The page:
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Laureen Harper visits Le Phare (February 2012)

(Story from EMC Orleans Community Newspaper / Images courtesy of Beatrice Watson-Acheson Foundation)

Laureen Harper and Jennifer Snell talk to the Kindergarten class

Kindergarten students at Le Phare Elementary in Gloucester had a few special guests on Feb. 22 as a part of their kindness week.

Students were already excited to know that Smokey the dog was going to be visiting with owner Jennifer Snell as a part of the Kindness Program, but Laureen Harper, wife of Prime Minister Stephen Harper, made it even better.

Snell works with the Kindness Program through the Beatrice Watson-Acheson Foundation, which uses animals to teach kindness and respect.

All of the classes at the school participated in the special kindness week presentations, but only the senior kindergarden class was joined by Harper.

"Through various lessons geared to each grade level, our students identify with the animal and are able to transfer the lessons of caring, responsibility and kindness towards others, helping to foster a community of caring and character," school principal Christine Camus-Shepley said in a press release.

"Be kind to animals. That reminds us how important it is to be kind to each other," Snell told the children.

Laureen Harper, surrounded by Kindergarten students, listens to Jennifer Snell teach about kindness towards animals

She also taught them about proper care and respect for animals, which includes the best way to approach an unfamiliar dog.

Each of the students practiced approaching Harper and asking permission to pet Smokey.

Smokey was originally bred to be a sled dog, but was too calm and lacked the competitive spirit needed, so he went to an Ottawa family.

When the family could no longer care for him, the Snells decided to adopt him as one of their own family members.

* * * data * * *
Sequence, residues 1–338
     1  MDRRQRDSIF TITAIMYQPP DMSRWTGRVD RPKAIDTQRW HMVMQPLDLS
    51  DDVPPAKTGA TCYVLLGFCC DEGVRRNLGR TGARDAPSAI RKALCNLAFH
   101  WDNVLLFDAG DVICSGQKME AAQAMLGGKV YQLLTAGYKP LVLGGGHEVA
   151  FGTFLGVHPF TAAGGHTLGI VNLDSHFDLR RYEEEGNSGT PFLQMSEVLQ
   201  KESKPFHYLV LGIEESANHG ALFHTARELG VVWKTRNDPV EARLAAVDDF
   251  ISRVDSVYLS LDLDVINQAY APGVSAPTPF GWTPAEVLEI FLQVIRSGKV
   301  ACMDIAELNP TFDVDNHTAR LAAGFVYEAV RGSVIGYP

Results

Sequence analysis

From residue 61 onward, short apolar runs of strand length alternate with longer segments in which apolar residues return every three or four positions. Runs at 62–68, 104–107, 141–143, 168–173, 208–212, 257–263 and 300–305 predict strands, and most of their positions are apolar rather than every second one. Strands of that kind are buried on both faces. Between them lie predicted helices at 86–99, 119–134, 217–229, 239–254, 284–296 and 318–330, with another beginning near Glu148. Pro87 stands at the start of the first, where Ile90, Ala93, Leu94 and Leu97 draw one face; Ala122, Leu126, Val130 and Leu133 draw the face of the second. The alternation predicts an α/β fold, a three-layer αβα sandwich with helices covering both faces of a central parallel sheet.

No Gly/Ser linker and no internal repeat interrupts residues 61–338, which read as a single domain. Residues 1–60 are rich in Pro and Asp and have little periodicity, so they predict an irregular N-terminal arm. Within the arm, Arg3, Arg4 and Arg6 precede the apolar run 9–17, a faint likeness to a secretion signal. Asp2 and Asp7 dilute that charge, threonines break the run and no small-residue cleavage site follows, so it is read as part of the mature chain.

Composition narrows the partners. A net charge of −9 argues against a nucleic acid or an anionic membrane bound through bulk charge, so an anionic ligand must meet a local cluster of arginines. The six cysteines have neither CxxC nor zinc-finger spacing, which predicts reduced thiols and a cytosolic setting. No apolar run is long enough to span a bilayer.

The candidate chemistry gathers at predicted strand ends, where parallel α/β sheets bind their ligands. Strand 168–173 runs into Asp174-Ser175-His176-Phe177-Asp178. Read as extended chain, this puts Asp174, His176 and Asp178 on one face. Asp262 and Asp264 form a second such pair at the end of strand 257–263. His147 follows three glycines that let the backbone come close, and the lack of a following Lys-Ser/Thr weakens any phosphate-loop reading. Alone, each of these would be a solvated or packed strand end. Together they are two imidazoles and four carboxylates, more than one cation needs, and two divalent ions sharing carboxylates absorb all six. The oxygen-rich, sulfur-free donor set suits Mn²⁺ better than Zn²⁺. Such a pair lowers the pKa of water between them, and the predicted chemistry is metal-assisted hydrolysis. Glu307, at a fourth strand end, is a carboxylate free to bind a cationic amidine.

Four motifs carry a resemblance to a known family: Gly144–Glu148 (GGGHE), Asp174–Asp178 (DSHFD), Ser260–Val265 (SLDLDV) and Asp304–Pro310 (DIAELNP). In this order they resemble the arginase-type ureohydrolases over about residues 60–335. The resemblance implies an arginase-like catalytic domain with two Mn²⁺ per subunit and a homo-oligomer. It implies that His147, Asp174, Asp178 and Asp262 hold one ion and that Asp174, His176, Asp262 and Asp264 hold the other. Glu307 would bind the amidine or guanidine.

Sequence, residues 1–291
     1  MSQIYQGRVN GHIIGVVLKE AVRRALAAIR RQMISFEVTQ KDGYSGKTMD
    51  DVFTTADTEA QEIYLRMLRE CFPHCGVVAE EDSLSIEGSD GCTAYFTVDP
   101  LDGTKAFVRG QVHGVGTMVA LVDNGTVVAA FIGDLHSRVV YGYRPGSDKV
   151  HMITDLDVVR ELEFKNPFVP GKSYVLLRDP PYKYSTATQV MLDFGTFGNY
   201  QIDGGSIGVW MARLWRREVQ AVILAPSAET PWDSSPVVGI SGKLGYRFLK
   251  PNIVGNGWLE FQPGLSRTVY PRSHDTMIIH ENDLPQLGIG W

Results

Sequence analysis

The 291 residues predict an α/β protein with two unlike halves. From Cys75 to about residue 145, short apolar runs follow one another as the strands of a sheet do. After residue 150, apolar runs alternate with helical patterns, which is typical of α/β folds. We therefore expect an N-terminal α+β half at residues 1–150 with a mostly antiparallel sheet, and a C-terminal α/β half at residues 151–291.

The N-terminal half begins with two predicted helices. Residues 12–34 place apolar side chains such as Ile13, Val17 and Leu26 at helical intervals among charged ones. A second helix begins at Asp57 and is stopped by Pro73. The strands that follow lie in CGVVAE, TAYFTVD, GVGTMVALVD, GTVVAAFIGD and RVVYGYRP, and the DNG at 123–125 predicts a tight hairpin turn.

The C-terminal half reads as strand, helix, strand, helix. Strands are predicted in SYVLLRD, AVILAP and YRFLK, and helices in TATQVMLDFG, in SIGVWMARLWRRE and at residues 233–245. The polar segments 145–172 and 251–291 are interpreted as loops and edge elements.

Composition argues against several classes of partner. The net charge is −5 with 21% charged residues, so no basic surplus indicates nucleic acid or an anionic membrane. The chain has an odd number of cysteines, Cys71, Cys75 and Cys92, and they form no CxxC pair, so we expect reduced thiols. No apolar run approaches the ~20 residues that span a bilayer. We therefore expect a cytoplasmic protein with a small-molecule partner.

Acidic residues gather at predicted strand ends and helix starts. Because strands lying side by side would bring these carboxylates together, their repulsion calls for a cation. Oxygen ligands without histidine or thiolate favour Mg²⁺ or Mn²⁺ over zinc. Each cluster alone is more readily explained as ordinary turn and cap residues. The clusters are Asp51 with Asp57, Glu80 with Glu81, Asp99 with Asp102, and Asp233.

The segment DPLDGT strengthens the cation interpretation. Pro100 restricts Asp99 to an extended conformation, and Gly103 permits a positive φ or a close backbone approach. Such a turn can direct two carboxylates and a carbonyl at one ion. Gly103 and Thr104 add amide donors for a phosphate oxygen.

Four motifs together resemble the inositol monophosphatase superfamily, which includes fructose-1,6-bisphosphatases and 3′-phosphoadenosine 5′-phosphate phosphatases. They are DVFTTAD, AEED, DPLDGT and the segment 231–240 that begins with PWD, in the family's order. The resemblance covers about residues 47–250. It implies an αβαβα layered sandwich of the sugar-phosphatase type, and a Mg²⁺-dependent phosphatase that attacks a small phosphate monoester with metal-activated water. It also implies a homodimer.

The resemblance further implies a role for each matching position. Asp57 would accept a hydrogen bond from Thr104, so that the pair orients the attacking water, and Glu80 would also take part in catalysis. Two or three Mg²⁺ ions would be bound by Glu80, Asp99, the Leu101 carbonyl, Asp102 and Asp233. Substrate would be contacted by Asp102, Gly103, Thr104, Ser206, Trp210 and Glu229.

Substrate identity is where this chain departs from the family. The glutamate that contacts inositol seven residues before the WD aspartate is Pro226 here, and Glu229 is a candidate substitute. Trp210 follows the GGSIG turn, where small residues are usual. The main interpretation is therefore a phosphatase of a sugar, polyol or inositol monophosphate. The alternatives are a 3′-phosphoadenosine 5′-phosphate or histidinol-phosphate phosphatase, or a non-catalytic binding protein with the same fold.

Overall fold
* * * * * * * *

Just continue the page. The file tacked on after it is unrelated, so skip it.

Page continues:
Harper could relate, and told the class about her own experience adopting animals. She also fosters cats for the Ottawa Humane Society.

When it was time for questions and answers, 'do you have a pet?' was the first question asked.

"I have a cat named Stanley. He came from the Ottawa Humane Society and we love him," she said.

Stanley was almost named Smokie, one of the choices in the poll the Harpers put out to Canadians when they needed help naming their new cat, adopted in July 2010.

They've rescued other cats - and even her daughter's hamster, Yogi, from humane societies in Ottawa and Calgary.

The class was enamored with the photos of the Harper's pets, which they passed around and shared their own pet names.

There was also a surprise visit for Tanya McMurray's Grade 5 class, who were set to visit the hill the following day as a part of their government unit.

Harper stopped by the class after hearing that they'd be coming by to offer a few tips on where to find the animals of the hill - specifically, the cats.

Students were excited as she signed autographs before heading back home to her own pets.


Text © EMC Orleans Community Newspaper. Images © Beatrice Watson-Acheson Foundation.

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